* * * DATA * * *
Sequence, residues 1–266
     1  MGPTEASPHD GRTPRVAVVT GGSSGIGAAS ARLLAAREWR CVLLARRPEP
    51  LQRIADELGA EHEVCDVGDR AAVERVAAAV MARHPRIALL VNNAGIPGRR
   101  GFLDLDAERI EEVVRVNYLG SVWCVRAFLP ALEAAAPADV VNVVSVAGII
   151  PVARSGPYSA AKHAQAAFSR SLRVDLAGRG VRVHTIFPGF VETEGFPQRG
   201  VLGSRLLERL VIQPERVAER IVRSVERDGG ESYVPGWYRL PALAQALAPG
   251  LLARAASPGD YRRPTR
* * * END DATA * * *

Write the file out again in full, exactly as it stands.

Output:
Sequence, residues 1–266
     1  MGPTEASPHD GRTPRVAVVT GGSSGIGAAS ARLLAAREWR CVLLARRPEP
    51  LQRIADELGA EHEVCDVGDR AAVERVAAAV MARHPRIALL VNNAGIPGRR
   101  GFLDLDAERI EEVVRVNYLG SVWCVRAFLP ALEAAAPADV VNVVSVAGII
   151  PVARSGPYSA AKHAQAAFSR SLRVDLAGRG VRVHTIFPGF VETEGFPQRG
   201  VLGSRLLERL VIQPERVAER IVRSVERDGG ESYVPGWYRL PALAQALAPG
   251  LLARAASPGD YRRPTR